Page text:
By Rev. Otis Moss, III,
A gated community.
A public sidewalk.
A gas station.
The Doors of the Church are Open
The question running through the minds of many African Americans, particularly black church folks is where and when will we ever be safe? Earlier this week nine prayer warriors were massacred at Emanuel African Methodist Episcopal Church in Charleston, South Carolina. I’m immediately reminded of images of the shell of the Sixteenth Street Baptist Church in Birmingham after it was bombed in 1963, killing four little girls preparing for a Sunday School program. Not safe, even in the Church.
On Wednesday night, members of Emanuel gathered with their pastor in what should have been a safe place armed with nothing but their bibles. Seated in their midst was a young white man who was a stranger, yet welcomed as a friend. The black church embraces all. We accord a certain degree of respect and special recognition to those who do not look like us. The young man was seated next to the pastor, where he returned the church’s hospitality with unimaginable inhumanity.
Emanuel is a national treasure.
Yolanda Pierce, professor of African American religion and literature at Princeton Theological Seminary, reminds us that “the AME denomination was founded as a protest against racism” and “the black church was birthed as a sanctuary from white violence.” This is true of Emanuel AME, affectionately known as “Mother” Emanuel. Its storied history dates back almost 200 years. Mother Emanuel endured despite being burned down, outlawed and destroyed by an earthquake.
Emanuel AME has been the target of racist attacks, legal harassment and arson. Each instance from 1818 – 2015 a person drunk on the wine of confederate supremacy stormed the doors of the church, set on eliminating sanctuary committed to teaching the south “a more excellent way” called love. Emanuel at every turn has responded with love rooted in justice by teaching literacy, producing leaders, protesting unequal treatment, fighting for economic parity and demanding the confederate flag be replaced by a symbol for all South Carolinians. Mother Emanuel exemplifies the best of our religious tradition–liberation, love and reconciliation.
This storm too shall pass.
Despite this breach, the black church will continue to serve as a sanctuary against racism and hatred. Across the country many of us sought comfort and solace in the very temples the gunman’s hate attempted to destroy. We are encouraged by the images of South Carolinians of all races coming together to mourn and remember the fallen. Yet as we await justice, we must commit ourselves to dismantling the symbols that fuel such hatred, beginning with the Confederate battle flag. When other flags were lowered to half-mast in honor of the victims, that flag was not. It reminds us of its persistence as a symbol of insolence. It is structurally impossible to lower it over the State Capitol; however, it is possible to remove it by either executive or legislative order. It must come down.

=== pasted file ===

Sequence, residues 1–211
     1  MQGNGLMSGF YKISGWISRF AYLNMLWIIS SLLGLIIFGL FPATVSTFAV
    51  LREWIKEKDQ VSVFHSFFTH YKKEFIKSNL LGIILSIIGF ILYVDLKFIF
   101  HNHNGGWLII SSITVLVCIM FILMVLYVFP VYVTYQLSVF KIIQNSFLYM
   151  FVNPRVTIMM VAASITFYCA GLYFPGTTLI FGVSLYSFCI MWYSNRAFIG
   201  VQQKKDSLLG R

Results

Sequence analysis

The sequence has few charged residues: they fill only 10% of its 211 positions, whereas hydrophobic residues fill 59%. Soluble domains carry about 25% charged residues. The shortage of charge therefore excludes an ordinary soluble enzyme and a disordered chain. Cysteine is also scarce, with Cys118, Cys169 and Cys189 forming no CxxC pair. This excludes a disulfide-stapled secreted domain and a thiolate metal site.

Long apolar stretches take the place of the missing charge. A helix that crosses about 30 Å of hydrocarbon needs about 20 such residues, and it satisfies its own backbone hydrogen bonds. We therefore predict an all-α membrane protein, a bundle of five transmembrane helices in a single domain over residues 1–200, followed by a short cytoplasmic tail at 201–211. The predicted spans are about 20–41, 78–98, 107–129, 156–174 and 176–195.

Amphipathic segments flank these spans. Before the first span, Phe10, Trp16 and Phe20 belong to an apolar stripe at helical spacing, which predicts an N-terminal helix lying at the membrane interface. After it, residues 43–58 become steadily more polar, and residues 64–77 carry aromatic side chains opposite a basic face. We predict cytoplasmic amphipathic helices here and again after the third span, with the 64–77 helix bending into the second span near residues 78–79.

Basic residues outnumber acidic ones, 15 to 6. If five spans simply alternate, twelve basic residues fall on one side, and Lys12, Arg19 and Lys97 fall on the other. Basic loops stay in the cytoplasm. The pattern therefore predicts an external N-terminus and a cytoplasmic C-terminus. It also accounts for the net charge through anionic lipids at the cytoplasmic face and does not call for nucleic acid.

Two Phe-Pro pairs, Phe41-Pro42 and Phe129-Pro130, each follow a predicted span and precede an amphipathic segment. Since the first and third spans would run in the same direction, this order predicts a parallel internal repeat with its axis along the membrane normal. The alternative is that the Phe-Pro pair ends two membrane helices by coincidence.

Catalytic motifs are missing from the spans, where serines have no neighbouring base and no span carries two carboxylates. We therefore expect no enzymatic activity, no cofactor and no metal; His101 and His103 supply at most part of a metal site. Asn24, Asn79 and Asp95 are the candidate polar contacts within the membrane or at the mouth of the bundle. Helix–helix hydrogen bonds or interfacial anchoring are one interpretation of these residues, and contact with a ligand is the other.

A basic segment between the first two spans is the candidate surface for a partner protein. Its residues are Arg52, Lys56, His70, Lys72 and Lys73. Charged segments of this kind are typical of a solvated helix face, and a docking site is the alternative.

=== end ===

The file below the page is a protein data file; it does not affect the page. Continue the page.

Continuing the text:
The Confederate battle flag has been a symbol of race hatred ever since its inception, and in the wake of this tragedy it becomes increasingly identified as a symbol of domestic terrorism for those who would like to “take back our country” to our most turbulent apartheid past. If South Carolina truly intends to honor the victims of the Mother Emanuel massacre, it can no longer associate with the image of this blood stained banner.
The country’s inability to connect a moral conversation to the dialogue about gun violence, mental health and racism is the subtext of this tragedy. Constitutional liberty must never overshadow the dialogue for public safety. The gunman’s mental state is of concern for us all along with our refusal as a country to speak about the moral imperatives of gun safety and mental illness as a public health issue. We cannot definitively say access to “smart gun technology” would have prevented this tragedy or increased support for mental health programs might have helped this disturbed young man. We can say such support can stop future tragedies and provide a safer space for all to worship and dare us as a nation to create the space for a yet to be United States of America.
When we see the faces of those who were lost and learn of their lives, we are devastated not just by the senselessness of the act but also because we know these victims. We know them–the civil servants, the recent graduate, the librarian, the track coach, the grandfather and the great-grandmother. They are representative of the members of almost any black church, assembled under the leadership of a civic-minded young pastor. They were hunted down by a young person infected with racialized hatred and mental instability who had access to weapons designed for sport. He has terrorized all of us.
His actions will not terrify us from remaining true to the history and mission of the black church. In honor of those nine souls and of the countless others who preceded them, we will continue to exist, to protest, to remain open, to stand, and to pray. The doors of the church are open.